When we rescued Homer in Modena it felt like we received a get a jail free card. The Kangoo and all of our stuff weren’t stolen after all. And now we
could continue on our road trip. Arriving in Padua, fifty minutes outside of Venice, it felt like we dove in safe at third base and just missed the tag. We’d cling to the base in Padua for two nights before heading to the Dolomites on our way back home.
The lure of a great restaurant and interesting sites took us to Padua in the Veneto. Padua is home to Le Calandre, a Michelin three-starred restaurant. The restaurant is number 20 on the 2010 Best Restaurants World list. It didn’t seem that we had enough self-control to just drive on by. We were looking forward to our meal. The second attraction was the old UNESCO World Heritage listed Botanical gardens. Eating at Le Calandre and seeing UNESCO sites was the plan before we arrived in Padua. Once ensconced in the city we’d find that there was much more than this to see and do.
As expected, our meal at Le Calandre was excellent. Massimiliano Alajmo, the chef, achieved his third Michelin star at 28 years of age, the youngest chef ever to receive this distinction. The food was surprisingly fresh, distinctly Italian, and new. As expected, the plates were beautifully presented. (You will have to take our word for this. Per Le Calandre’s request we are required to keep our food pictures secret.) The service was top notch, as expected. C has particularly fond memories of a certain waiter with a dreamy voice. And it’s probably best that I can’t share any pictures of the waiter to grease C’s fantasies. At least it might be best for G. Our summer European road journey included five amazing restaurants, La Cote Saint Jacques, Hostellerie de Plaisance, Martin Berasategui, Osteria Francescana, and Le Calandre. Le Calandre was Becky and my favorite amongst this very distinguished list. But all of these restaurants are brilliant. If you’re paying, we won’t turn down a return visit to any one of these!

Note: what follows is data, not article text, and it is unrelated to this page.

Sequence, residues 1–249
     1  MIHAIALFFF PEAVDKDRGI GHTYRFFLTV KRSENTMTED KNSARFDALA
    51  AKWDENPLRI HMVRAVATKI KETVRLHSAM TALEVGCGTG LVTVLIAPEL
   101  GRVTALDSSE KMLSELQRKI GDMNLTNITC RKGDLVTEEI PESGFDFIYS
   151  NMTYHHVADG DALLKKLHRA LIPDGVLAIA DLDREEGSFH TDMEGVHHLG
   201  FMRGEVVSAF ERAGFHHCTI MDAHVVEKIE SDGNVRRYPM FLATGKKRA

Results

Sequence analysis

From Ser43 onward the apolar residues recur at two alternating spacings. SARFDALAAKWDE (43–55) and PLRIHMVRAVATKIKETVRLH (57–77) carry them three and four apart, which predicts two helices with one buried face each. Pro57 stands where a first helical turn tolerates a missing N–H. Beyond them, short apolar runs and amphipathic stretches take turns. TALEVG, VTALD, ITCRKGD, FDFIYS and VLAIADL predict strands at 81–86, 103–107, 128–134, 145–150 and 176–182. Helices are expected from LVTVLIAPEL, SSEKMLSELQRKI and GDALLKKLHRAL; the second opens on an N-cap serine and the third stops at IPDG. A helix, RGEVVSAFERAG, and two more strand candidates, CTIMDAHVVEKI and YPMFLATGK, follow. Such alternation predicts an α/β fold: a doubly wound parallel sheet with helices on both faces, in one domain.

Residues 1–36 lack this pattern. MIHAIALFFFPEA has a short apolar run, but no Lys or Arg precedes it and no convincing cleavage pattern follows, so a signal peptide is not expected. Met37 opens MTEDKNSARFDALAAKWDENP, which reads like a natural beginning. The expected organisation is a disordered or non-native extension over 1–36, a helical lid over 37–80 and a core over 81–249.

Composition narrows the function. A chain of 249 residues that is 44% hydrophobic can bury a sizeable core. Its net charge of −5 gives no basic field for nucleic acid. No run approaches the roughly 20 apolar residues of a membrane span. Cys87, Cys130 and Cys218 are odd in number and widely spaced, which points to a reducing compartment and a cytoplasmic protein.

On our departure day, we visited the UNESCO-designated Orto Botanico or the Botanical Garden as soon as it opened in the morning. Created in 1545, the garden is historically significant as the world’s oldest academic botanical garden still in its original location. As a modern tourist destination, the garden is somewhat interesting but not unusually remarkable on the modern standard of botanical gardens.
Perhaps Padua’s most famous sight is the Scrovegni Chapel. Visits to the small chapel require reservations. When the time comes to enter, you wait 15 minutes in an antechamber so that the humidity and temperatures can be normalized to the chapel’s interior. Inside the chapel, a restored fresco cycle by Giotto lines the walls. The Scrovegni Chapel is worth a visit even if it isn’t our favorite type of thing to see.
Padua, like Modena and the other towns in this region of Italy, has many arcaded sidewalks. It gives the town a distinctive feel and helps fight the sweaty warmth of the summer heat. Our most interesting personal “discoveries” in Padua were the Prato della Valle (supposedly the largest piazza in Italy), Palazzo della Ragione, and the university. (The botanical gardens are associated with the university.) All of these sights, and much more, make Padua worth visiting.
We spent much of our time examining the university. Founded in 1222, the University of Padua (in Italian: Università degli Studi di Padova, UNIPD) is the second oldest in Italy. Galileo Galilei taught in these halls; Copernicus is an alumni. Neither was around to greet us. We were drawn to the ageless arcades lined with intricate sculptural plaques and frescoed ceilings. With a short stay, there’s much more of the university left to see, including the Teatro Anatomico or anatomy amphitheater. Next time we will see it for sure!
What we did see of the town made us want to see more. Students out number the tourists giving Padua the universal college town feel. It is a good place to sit at a café, sip beer, and watch people. But as it often seems the case, our stop was too short. We departed Padua with yet another vow to return.
More pictures from Padua including the Orto Botanico can be seen on Picasa.